Small Mourning by Natalie Martell

Lately all I can remember of dreams is that I’ve forgotten them 

the way a few people will gasp with grief when I die until 

too many years pass & my laugh & smell are lost 

dreams would I even know if disaster struck 

in the building where I live would I hear a faint howl 

the tide is an ending I can’t stand once on the beach I squatted 

beside a castle rich with plastic animals the lion washed away with a wave 

& there was nothing to do but heave myself weightless into the empty 

ocean like the doves that erupted from a truck bed last week except 

one flattened & I knew they were papers dancing & spinning with speeding

cars how had they gotten free these stories or records or blank pages maybe 

something precious was lost to rot & pulp but for a brief moment they’d broken

loose & flew I still don’t know if lions can swim but I picked grains 

of sand from my toes for days afterward I have carried these small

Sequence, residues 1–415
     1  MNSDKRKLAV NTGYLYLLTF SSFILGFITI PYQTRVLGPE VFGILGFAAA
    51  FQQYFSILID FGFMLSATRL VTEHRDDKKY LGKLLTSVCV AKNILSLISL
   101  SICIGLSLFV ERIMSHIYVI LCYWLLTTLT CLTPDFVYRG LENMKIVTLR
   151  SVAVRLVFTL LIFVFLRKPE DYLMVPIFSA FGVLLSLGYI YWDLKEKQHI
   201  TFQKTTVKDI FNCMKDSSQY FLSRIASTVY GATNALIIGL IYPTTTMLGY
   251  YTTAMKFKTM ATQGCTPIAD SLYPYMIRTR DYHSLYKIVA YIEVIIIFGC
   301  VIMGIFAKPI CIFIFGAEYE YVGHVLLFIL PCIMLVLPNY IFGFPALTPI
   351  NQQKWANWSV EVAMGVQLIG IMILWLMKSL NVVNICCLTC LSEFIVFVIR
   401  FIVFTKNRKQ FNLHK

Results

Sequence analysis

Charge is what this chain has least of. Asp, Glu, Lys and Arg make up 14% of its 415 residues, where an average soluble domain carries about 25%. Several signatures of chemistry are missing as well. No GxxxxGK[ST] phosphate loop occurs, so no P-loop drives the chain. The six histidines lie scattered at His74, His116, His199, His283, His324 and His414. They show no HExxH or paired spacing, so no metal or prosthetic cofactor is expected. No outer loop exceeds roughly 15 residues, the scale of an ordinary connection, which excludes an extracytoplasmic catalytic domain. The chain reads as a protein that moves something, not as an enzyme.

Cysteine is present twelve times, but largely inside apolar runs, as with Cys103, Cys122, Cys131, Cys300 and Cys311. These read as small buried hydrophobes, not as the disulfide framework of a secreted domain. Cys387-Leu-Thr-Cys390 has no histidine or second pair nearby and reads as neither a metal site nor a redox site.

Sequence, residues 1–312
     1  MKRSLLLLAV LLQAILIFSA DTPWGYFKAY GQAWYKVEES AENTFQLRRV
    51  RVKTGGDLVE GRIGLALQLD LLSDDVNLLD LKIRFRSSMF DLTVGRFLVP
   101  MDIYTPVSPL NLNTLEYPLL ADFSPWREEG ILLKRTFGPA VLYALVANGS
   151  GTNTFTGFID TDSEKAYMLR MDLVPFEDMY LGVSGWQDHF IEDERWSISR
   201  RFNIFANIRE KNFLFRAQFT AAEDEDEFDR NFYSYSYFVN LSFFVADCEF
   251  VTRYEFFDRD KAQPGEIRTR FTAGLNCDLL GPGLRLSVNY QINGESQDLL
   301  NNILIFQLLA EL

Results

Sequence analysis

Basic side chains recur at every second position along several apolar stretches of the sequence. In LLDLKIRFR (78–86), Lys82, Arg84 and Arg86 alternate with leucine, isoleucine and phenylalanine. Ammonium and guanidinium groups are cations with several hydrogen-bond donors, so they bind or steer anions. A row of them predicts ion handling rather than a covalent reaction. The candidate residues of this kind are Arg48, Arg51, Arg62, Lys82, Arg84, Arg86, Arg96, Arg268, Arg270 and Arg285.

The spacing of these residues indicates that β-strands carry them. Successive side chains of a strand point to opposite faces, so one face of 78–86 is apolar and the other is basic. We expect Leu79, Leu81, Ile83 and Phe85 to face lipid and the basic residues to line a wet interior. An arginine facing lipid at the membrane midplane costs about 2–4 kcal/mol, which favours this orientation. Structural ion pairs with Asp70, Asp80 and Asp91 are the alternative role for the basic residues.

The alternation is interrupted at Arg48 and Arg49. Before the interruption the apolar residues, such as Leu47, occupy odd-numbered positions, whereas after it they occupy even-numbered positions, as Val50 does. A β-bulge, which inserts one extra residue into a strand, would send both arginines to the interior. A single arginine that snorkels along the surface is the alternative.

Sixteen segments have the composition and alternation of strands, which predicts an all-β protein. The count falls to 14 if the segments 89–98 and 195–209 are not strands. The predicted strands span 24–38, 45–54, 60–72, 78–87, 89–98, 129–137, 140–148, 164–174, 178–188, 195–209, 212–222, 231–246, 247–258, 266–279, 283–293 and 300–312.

mournings sweet ghosts carried them with me for years like sand

in the sea so full & taking up not even a speck of space in the cavern

I carry what will I have left in the end but the idea of a lion slinking

through depths its yellow mane a speck roaring in the blue

hollow which someone might mistake for a sun

Natalie Martell is a Minneapolis-based queer writer. Since earning her MFA from Minnesota State University, Mankato, she has received creative support grants from the Minnesota State Arts Board. Her work has appeared in The Journal, Salt Hill, SWWIM, Flyway, and elsewhere.